Bucking a recommendation by Mayor Tomás Regalado’s administration, Miami commissioners voted Thursday to consider a proposal to build a complex of restaurants on public land along the north bank of the Miami River.
Alex Mantecon’s Riverside Wharf project isn’t yet a done deal. The developer still needs approval by the commission and the city’s voters before he can redevelop the site where the Garcia family has run a commercial fishing operation for decades. But commissioners made their feelings about the project clear Thursday when they voted against a recommendation to reject the proposal and asked that the city ensure the project goes to referendum in March.
“It’s going to become a destination,” Commissioner Francis Suarez said.
Mantecon wants to build an attraction centered around four restaurants and a fish market serviced by the river’s commercial fishermen and crabbers. In the works for years, the project is estimated to cost about $30 million, and combines the city’s land with adjacent property owned by Mantecon’s MV Real Estate Holdings. It is designed in synergy with a mixed-use storage tower Mantecon developed across the street, and will expand the city’s public river walk.
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It’s going to become a destination
Mantecon is working with the Garcia family, who will operate the fish market and a raw bar. Garcia’s principal Luis Garcia believes the project will turn his family’s commercial operation into something of a tourist draw, where customers can pull up in a vessel and dock and then watch lunch coming off the fishing boat.
“Here’s an opportunity for our business to get a makeover and perhaps be a destination of our city that we haven't had before,” he said.
Mantecon submitted his proposal to the city in response to a city solicitation launched in June. Mantecon’s project was the only response.
But City Manager Daniel Alfonso told a senior official in September that he intended to reject the bid. And on Nov. 3, the city’s director of real estate wrote in a memo that the city should throw out Mantecon’s proposal and start the competitive process over again. He explained that the city could not meet the requirements of a new city law that demanded Miami get fair market value for city-owned submerged land. The project includes about 10,000 square feet of submerged land.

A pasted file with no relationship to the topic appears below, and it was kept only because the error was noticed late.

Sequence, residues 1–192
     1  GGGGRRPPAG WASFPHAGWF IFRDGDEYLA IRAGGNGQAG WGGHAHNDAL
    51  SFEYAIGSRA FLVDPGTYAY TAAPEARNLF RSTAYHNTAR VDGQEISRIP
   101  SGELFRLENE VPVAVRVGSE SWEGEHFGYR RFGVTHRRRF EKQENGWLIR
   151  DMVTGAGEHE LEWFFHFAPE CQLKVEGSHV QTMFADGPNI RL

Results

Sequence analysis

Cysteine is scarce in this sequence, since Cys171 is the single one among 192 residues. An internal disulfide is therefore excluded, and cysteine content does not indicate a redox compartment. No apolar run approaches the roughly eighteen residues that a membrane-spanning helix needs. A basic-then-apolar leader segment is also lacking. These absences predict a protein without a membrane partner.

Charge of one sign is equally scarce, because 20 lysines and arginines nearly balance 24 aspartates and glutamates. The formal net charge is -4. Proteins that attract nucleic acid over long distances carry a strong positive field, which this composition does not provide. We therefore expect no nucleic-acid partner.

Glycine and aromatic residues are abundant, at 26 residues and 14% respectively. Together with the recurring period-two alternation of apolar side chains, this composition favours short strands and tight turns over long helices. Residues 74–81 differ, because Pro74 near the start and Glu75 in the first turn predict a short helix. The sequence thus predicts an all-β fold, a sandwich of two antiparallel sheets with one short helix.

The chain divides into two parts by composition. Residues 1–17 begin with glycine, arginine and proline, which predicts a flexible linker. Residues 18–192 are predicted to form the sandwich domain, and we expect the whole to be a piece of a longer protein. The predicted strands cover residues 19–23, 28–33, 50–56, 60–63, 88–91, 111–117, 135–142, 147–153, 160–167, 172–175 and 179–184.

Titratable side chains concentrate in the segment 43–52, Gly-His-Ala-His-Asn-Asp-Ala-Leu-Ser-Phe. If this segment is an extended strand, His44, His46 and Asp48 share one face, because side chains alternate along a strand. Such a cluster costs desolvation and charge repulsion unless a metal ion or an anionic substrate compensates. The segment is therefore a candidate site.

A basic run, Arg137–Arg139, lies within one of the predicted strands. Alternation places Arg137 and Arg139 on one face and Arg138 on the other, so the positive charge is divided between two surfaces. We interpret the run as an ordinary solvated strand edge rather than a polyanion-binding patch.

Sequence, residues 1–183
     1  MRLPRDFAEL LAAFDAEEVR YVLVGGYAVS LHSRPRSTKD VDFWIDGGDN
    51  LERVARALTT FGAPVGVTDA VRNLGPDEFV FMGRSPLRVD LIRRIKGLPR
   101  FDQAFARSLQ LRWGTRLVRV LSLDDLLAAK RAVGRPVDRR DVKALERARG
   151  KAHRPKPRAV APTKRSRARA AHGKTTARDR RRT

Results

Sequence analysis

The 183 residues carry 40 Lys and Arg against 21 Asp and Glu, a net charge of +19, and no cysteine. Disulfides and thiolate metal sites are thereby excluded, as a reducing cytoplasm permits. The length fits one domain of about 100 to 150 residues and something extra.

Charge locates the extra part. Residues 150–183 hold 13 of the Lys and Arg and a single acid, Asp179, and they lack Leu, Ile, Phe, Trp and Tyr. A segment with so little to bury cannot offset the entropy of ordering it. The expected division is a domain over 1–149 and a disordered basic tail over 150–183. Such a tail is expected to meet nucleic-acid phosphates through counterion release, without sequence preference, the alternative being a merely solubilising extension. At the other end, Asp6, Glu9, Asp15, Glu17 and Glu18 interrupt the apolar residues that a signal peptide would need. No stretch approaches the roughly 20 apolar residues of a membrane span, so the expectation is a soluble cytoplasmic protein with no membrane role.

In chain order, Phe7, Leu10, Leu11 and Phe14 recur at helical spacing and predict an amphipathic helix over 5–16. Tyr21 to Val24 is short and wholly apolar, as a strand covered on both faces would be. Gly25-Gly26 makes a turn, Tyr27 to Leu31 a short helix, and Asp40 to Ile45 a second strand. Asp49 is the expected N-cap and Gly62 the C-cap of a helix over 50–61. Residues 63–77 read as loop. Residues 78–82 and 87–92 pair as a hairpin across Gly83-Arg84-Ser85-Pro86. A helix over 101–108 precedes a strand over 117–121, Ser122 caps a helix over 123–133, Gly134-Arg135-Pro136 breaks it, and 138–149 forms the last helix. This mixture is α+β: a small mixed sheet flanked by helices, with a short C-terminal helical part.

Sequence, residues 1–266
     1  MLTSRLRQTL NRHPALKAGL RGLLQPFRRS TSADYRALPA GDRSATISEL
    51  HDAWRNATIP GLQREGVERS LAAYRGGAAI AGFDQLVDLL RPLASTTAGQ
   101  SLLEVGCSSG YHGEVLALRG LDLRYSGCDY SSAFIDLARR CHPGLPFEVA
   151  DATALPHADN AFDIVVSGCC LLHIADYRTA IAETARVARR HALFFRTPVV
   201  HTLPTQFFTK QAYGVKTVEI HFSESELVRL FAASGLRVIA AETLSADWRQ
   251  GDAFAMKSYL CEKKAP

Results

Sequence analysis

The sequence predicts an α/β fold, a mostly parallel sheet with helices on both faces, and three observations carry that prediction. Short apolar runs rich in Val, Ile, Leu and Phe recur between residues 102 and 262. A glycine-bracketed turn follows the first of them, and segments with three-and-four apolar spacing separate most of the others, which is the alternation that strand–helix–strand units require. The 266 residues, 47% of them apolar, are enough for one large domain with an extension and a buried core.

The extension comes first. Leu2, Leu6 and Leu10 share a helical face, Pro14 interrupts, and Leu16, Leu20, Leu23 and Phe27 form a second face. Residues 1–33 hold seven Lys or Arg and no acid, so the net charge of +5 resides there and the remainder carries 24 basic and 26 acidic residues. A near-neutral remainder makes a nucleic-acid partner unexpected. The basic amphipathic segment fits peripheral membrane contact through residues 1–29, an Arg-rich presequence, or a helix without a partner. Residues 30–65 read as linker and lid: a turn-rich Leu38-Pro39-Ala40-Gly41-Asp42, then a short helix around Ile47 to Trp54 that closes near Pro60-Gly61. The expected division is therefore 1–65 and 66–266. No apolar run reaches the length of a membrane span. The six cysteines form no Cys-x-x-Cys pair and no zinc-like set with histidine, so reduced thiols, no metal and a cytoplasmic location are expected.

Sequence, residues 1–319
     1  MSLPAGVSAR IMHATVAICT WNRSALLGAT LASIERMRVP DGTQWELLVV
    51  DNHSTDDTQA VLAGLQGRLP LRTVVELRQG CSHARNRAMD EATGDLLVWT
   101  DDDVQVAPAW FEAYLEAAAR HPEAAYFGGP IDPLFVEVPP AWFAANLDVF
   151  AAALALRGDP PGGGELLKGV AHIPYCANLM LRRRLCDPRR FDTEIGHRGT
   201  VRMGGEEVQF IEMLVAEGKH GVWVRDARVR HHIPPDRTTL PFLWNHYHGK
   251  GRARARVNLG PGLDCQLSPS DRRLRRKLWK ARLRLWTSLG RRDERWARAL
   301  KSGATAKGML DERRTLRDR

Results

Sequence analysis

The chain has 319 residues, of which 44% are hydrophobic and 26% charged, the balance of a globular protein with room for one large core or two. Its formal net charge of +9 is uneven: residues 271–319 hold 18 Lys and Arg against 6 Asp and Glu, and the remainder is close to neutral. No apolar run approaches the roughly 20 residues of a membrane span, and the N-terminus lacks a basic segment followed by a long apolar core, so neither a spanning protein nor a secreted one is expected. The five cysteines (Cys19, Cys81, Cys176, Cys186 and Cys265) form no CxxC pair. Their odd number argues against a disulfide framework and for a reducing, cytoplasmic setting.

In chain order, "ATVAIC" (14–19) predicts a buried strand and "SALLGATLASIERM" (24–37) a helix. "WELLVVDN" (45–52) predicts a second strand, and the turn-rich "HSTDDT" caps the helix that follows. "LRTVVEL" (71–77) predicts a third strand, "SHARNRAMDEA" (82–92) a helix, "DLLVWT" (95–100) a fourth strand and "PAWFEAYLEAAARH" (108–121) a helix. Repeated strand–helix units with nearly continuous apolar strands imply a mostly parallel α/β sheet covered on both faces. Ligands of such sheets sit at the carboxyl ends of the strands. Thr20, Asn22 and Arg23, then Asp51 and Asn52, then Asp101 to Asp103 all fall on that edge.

We do due diligence. Sometimes things go wrong
City Manager Daniel Alfonso
The commission rejected that argument Thursday. Commissioner Keon Hardemon noted that the city’s own documents showed that Miami doesn’t owned the submerged land, but rather leases it from the state. City Attorney Victoria Méndez responded that there is a dispute over who owns the land.
“We do due diligence. Sometimes things go wrong,” Alfonso told commissioners Thursday.
Regardless, the commission directed Alfonso to bring Mantecon’s project back in December for a vote so that the city can ensure a legally required referendum takes place in March. Voters would consider a 30-year lease with two 10-year options at the city’s discretion. Miami is seeking $195,000 in annual rent plus a percentage of the operator’s revenue.
Regalado said Thursday that the financial value of the project will be key to selling it to voters. He said he won’t support the project unless he’s confident that issues with the submerged land won’t affect Miami’s bottom line.
“At the end of the day, as far as people are concerned, it’s just another restaurant on the river,” he said. “They’re going to have to have a compelling argument for people to vote.”